Who would have thought that this young, unpretentious English girl would one day be picnicking on a tiny Pacific Island and swimming in tropical seas. This island is in Micronesia and one of many in the large lagoon of Chuuk, once known as Truk. It is called, appropriately, Picnic Island.
Don't confuse Micronesia with Indonesia. Micronesia consists of hundreds of islands scattered across the equator somewhere between Hawaii and the Philippines. Many of the islands are uninhabited, some have only one or two families on them and two or three are large enough to have a road along one side and a small airport. The islands we have been to are Chuuk, Pohnpei and Kosrae. They are beautiful, tropical, hot and humid.
Yet in some places, still quite primitive, especially as you move into the interior. There is much poverty with little or no industry except a little tourism for diving. They were, until recently, a US Protectorate. Most of the islanders own a small boat with an outboard motor, because that is the best means of transportation, and the boats were provided by the US. Pohnpei used to produce pepper, but not any more. It is taking some time for these small islands to become self supporting with a reliable form of government.
Our association with these islands is that my husband and I travel there several times a year (with others) to teach classes for the pastors of the island churches. At least, I used to, but can't handle the long hours of flying any more. There are one or two schools on the larger islands with education going up to about 8th grade.
The Christian church first arrived on these islands in the 1850's and discovered prolonged tribal warfare between families or clans. After some time of settling in, the missionaries were welcomed, in contrast to the islanders' original contact with westerners, who were traders and who took great advantage of them especially through their use of the women and alcohol.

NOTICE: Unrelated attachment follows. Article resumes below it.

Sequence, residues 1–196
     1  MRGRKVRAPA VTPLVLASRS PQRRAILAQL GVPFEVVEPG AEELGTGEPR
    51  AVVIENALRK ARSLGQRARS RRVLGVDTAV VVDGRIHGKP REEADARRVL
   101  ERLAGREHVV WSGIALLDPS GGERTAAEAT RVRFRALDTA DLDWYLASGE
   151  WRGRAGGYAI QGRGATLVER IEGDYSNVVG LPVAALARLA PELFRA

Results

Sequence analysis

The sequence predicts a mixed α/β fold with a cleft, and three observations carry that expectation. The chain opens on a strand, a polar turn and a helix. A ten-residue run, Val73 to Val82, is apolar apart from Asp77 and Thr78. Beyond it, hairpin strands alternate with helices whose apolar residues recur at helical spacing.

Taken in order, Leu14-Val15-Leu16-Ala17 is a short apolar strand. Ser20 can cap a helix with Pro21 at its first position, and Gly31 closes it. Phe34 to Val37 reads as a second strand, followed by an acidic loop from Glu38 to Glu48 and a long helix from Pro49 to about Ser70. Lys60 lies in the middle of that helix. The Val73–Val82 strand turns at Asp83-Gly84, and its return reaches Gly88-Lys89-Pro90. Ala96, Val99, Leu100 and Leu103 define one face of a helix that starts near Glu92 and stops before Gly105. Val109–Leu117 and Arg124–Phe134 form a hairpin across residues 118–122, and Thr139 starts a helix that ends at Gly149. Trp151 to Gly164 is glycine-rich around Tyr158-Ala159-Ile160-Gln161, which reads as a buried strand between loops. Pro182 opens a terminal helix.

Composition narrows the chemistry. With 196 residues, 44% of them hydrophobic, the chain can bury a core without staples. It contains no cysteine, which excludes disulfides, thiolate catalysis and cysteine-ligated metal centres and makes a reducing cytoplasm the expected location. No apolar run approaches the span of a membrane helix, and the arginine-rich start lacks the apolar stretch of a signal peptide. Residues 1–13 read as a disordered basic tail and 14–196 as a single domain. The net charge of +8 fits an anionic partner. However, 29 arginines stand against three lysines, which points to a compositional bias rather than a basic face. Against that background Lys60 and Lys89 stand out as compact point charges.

Today, the people are for the most part gentle, peaceful and happy. They struggle with the politics and infrastructure, but love festivals with typical island dancing, singing and feasting, quite similar to Hawaii.
This is sunset on the island of Chuuk*, which we have been visiting for more than 25 years. There we support Mizpeh Christian School with teachers, textbooks, and seminars for teachers. The school and the churches there are now led by the Chuukese themselves. They are in the middle of rebuilding their new church, the Logan Memorial Church, and extending the high school.
*MY mistake. This photo was taken on Phonpei but the rest of the above paragraph refers to Chuuk
ADDED MARCH 20thFor those wondering what a US Protectorate is I have tried to come up with a simple answer without giving you a long history lesson.
Before the Westerners came along, the islands belonged to the islanders. Each family owning some land on their particular island - "a decentralized chieftain based sytem." The Portuguese and Spanish first claimed the islands in their explorations. Spain claimed sovereignty. They sold the islands to the Germans, then in World War I the Japanese took them from the Germans. Obviously all of this went on without much consultation with the islanders. Their means of living had always been subsistence living -- growing what they could and fishing. During WW II the Japanese used the islands as a base of operations -- especially Truk or Chuuk, as it is now known. There was a major battle with the Japanese on Truk and today you can still find old tanks etc. covered under jungle growth and there are still Japanese planes and boats sunk in Truk Lagoon. After WWII the islands became part of the United Nations Trust Territory under US administration. I think this meant that the US subsidized them when necessary and aided them in formulating and organizing their own administration. "In 1979 they adopted a constitution and in 1986 independence was attained under a Compact of Free Association with the United States". Today they are known as the Federated States of Micronesia or FSM.
Quotations are from Wikipedia.